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Enhancing Public Availability of Customs Information

In the Islamic Countries



Going Beyond the TFA

: The case studies show that many countries—and not just

developed ones, but also some middle income countries—have already moved well

beyond the TFA in terms of making trade-related information publicly available. The

TFA should be seen as a basic benchmark, not an objective. Developing countries looking

to attract trade and investment, particularly through GVCs, should try to go beyond the

TFA to incorporate cutting edge technologies and strong commitments to transparency

and the rule of law in trade governance.


South-South Technical Assistance

: Not all world leaders in pubic availability of trade

information are developed or high income countries. Some middle income countries are

also very strong performers, such as Morocco and Malaysia, and even Senegal. There is

considerable scope for a diverse organization like the OIC to promote South-South

knowledge exchange in this area, with the aim of developing relatively low cost but

efficient systems to disseminate information and reduce informational trade costs in the

developing world.


Synergies between SingleWindows and Trade Information Portals

: In the post-TFA

environment, many developing countries will be looking to work simultaneously on

Single Windows—preferably virtual—and TIPs. There is a strong argument for

combining these efforts to produce a single online interface that combines the

transaction processing power of a Single Window with a comprehensive repository of

trade-related laws, regulations, rules, procedures, and documents, as is commonly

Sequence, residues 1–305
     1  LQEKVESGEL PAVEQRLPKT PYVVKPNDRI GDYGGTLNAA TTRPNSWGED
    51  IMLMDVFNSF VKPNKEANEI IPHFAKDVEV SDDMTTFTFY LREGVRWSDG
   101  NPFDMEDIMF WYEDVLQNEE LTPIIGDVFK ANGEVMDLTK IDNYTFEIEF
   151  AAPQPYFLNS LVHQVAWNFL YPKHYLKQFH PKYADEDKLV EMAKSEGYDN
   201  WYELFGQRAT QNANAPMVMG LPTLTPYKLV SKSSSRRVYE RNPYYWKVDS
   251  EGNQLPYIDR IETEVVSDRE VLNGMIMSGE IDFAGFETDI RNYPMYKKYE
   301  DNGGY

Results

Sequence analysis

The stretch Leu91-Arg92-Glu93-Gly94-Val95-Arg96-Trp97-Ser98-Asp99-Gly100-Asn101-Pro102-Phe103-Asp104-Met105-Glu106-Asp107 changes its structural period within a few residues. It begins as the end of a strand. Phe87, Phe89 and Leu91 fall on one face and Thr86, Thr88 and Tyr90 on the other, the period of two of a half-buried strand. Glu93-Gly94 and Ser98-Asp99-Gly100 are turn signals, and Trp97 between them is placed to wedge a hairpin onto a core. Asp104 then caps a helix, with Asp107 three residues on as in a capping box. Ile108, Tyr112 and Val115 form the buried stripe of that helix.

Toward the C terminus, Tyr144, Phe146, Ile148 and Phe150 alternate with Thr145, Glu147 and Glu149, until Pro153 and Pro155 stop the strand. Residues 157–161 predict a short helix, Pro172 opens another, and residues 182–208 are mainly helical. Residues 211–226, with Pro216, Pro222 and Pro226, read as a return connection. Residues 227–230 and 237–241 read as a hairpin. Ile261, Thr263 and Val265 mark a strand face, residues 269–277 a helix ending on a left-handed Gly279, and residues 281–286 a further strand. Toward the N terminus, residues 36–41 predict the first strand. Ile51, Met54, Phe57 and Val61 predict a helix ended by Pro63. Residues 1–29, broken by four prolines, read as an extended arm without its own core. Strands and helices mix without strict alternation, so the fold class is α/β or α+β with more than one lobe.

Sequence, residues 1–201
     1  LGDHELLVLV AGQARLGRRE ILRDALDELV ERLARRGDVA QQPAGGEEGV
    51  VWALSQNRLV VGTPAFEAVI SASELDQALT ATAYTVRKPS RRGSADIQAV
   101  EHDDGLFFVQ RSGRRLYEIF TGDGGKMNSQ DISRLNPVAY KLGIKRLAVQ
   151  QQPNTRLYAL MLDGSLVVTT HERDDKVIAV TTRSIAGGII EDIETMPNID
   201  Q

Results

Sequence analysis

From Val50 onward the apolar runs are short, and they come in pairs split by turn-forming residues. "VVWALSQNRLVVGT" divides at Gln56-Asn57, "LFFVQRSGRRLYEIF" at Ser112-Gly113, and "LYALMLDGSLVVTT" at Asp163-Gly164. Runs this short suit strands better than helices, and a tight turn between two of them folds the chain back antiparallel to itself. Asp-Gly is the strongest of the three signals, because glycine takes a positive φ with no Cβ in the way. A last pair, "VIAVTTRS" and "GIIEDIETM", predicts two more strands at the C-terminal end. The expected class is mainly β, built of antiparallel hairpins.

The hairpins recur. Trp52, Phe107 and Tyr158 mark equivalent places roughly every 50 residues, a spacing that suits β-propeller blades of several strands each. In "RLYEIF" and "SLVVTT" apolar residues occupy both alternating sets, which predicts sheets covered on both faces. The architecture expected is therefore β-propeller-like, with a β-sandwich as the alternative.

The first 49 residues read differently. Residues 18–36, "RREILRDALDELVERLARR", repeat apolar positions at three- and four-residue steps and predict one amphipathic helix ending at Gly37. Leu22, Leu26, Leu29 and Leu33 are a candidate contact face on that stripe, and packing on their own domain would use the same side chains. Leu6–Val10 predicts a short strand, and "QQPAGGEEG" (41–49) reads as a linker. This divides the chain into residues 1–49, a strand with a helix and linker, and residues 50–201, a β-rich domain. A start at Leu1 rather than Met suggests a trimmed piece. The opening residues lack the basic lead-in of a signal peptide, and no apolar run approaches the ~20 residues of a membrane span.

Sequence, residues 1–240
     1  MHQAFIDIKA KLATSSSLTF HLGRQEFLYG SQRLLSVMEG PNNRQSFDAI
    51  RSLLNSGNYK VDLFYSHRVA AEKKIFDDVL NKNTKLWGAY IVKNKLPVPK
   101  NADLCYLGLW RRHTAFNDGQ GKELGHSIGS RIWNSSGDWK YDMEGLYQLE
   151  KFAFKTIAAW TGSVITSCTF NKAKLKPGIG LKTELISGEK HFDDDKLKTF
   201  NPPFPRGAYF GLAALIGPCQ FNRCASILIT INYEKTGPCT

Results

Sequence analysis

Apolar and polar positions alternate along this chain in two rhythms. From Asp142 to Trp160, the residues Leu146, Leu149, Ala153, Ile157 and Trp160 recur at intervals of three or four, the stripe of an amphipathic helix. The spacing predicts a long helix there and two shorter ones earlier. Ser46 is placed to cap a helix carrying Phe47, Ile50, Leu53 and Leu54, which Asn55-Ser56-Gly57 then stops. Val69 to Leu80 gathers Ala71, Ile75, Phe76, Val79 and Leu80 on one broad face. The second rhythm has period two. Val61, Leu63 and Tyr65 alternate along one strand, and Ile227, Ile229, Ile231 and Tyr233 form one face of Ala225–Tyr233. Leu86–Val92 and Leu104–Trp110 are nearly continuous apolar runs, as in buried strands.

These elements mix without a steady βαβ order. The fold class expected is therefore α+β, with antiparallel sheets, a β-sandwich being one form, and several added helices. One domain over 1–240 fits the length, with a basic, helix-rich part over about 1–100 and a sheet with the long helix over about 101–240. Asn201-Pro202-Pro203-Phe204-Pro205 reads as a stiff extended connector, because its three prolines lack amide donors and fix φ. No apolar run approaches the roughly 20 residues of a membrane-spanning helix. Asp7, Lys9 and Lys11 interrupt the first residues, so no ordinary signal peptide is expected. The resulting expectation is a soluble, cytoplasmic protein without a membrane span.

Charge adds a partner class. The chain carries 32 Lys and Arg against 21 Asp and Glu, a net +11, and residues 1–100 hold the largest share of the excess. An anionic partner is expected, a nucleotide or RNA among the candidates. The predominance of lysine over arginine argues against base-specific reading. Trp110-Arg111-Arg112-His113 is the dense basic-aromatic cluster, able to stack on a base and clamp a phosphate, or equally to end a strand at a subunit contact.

associated with a TIP. The synergy between PortNet and TradeSense in Morocco is an

example of this process in action in a middle income country. As a second best,

piecemeal online sources can link to other relevant material, so that navigation is

simplified for the trade community.

Based on the field visit case studies, it is possible to formulate the following roadmap for

upgrading performance in the three regional groups, based on what was observed in the three

countries studied:

African Group


Work with international organizations like the World Bank and the major aid agencies

to expand existing technical and financial assistance in the framework of TFA

implementation to improve existing structures for disseminating information.

10. Work to move from the use of printed materials to disseminate information to the use

of information technology solutions.


Complete the development of NTFCs and engage in dialogue with the private sector to

identify the priorities for public information availability.

12. Work within NTFCs to develop TIPs and other online resources, including electronic

Single Windows, that provide access to the rules and regulations governing trade

procedures, key documents and forms, and applied tariff rates.


Use TIPs and electronic Single Windows to facilitate online trade procedures in so far as

possible, including for inquiries related to trade procedures, as well as fees and duties,

and for advance rulings.

14. Within the above framework, develop a realistic level of ambition for TFA

implementation over the medium term, emphasizing Category A and B notifications,

with a minimum of material in Category C.


Develop institutional and governance structures so that more advanced aspects like

advance rulings and appeal procedures can be implemented in greater breadth and

depth over time.